Byram residents are fed up with the accumulation of zoning enforcement violations at 21 North Water Street, which for many years was a bank branch with a drive through kiosk.
According to Al Shehadi, who chairs the land use committee for the Byram Neighborhood Association, the zoning enforcement officer has visited the property multiple times over the past 10 months and issued notices of violation to the owners.
Today it appears that multiple companies are using the property to park trucks and store items in sheds and temporary structures. The parking lot features an overflowing dumpster, a barbecue grill, stacks of firewood, pool supplies, and debris stacked high enough to be seen over neighboring fences.
On Feb 12, 2021 the ZEO issued a first notice of violation to the owners.
On March 19, 2021 he issued a second notice to the owners.
On May 26 the ZEO issued a Cease and Desist order.
Currently the .33 Acre property, which is in the LBR-2 (Local Business Retail), features a freestanding building that dates back to 1980 and the drive-thru kiosk.
Per the Municipal Code, a goal of the LBR Zone is, ‘to protect and encourage neighborhood-oriented retail development. These zones provide central but limited concentration of complementary retail goods and personal services in convenient locations to meet the frequent recurring needs of nearby residents.”
The BNA, who have ramped up their efforts to protect their neighborhood, have attended Planning & Zoning hearings to testify on applications, most recently on a proposal for a self-storage facility in the former Hasco Factory on South Water Street. They toured blighted properties with the First Selectman and pushed for the recently approved bight ordinance. They have requested pedestrian safety measures in response to an increased in speeding cars through their residential streets and have even sent representatives to attend zoning hearings over the river in Port Chester where Main Street is being redeveloped with multi-story apartment buildings.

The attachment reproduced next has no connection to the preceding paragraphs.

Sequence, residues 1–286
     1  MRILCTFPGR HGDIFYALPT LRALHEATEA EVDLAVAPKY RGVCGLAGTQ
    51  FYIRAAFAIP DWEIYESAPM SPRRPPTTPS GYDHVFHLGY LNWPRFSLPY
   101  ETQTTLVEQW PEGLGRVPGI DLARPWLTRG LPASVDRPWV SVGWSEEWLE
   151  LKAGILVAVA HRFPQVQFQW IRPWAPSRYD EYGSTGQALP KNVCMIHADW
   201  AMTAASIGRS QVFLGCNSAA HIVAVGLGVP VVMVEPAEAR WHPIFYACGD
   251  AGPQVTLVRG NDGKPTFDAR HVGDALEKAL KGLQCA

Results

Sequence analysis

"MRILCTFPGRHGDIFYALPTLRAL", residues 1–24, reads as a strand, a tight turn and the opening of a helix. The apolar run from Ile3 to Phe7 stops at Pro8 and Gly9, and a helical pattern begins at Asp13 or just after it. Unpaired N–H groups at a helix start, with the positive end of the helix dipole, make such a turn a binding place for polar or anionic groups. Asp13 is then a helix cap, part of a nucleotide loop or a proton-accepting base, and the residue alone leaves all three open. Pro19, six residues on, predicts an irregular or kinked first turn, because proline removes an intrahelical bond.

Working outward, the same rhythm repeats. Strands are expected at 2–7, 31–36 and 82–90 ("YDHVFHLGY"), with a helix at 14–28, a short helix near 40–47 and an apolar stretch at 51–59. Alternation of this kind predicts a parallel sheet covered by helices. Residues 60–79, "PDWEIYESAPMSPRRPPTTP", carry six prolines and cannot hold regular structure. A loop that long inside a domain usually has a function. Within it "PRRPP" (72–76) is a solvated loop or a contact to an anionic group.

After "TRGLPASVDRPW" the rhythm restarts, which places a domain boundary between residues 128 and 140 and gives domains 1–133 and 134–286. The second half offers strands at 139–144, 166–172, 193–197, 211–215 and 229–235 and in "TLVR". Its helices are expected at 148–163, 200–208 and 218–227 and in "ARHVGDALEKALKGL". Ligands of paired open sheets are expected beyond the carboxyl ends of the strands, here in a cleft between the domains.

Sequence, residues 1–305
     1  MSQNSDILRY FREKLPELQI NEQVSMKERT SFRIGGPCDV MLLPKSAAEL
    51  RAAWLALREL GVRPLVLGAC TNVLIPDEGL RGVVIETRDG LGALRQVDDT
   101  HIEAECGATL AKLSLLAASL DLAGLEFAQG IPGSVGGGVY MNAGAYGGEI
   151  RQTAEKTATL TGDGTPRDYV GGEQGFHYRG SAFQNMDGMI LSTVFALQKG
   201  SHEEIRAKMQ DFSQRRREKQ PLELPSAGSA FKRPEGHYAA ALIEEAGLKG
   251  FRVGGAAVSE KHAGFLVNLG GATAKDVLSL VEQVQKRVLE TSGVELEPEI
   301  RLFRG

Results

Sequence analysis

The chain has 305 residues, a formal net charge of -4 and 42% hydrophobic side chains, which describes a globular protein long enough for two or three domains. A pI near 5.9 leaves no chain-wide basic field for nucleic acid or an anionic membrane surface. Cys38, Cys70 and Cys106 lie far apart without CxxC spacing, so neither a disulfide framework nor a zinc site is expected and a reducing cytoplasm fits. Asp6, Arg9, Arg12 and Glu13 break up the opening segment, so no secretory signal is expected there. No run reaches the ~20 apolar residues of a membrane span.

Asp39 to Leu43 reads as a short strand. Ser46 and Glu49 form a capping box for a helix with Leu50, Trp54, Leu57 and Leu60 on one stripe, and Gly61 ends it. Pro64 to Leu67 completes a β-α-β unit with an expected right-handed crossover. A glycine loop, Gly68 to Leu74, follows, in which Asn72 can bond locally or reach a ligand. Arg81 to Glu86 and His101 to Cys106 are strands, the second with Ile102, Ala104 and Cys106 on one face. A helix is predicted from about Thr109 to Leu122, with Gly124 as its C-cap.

“We been getting good press about new developments and how we’re trying to protect this end of the town,” Shehadi said. “But we’ve been wrestling on zoning enforcement. If you don’t have enforcement you don’t have zoning.”
Shehadi said neighbors are growing increasingly frustrated over the situation at 21 North Water Street.
“We have now had trucks, construction equipment, and even accessory structures built in the back for a year and a half,” he said. “The tenant is supposedly a pool maintenance company, but we see at least three different company logos on the trucks, including the pool company, a landscape company and a tree company.”
“And there are sheds and tented areas,” Shehadi added. “It’s semi industrial.”
Shehadi said the normal course of enforcement had run out, and that the next step was for the town to refer the situation to the State Attorney office.
During a recent discussion of a possible short-term rental reg, town P&Z director Katie DeLuca brought up the challenge of enforcing regulations.
“I think it’s severely understaffed based on the level of service people would like to see,” she said. “They have to triage constantly.”
Currently there are 2.5 staff doing enforcement inspections in Greenwich where there are 24,000 dwelling units and 63,000 inhabitants.
Ms DeLuca said her budget proposal included a request for an additional full time and additional part time enforcement officer.
An email to the ZEO Jodi Couture and director of Planning & Zoning Ms DeLucarequesting comment on 21 North Water Street was not returned, but First Selectman Fred Camillo said the town was working with the landlord to get the situation resolved.